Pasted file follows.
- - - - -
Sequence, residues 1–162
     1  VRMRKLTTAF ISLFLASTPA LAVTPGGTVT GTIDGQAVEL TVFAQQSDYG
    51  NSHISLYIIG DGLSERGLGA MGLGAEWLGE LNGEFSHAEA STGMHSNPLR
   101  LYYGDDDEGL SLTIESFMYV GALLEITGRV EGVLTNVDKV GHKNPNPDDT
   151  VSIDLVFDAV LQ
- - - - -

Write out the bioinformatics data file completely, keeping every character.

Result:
Sequence, residues 1–162
     1  VRMRKLTTAF ISLFLASTPA LAVTPGGTVT GTIDGQAVEL TVFAQQSDYG
    51  NSHISLYIIG DGLSERGLGA MGLGAEWLGE LNGEFSHAEA STGMHSNPLR
   101  LYYGDDDEGL SLTIESFMYV GALLEITGRV EGVLTNVDKV GHKNPNPDDT
   151  VSIDLVFDAV LQ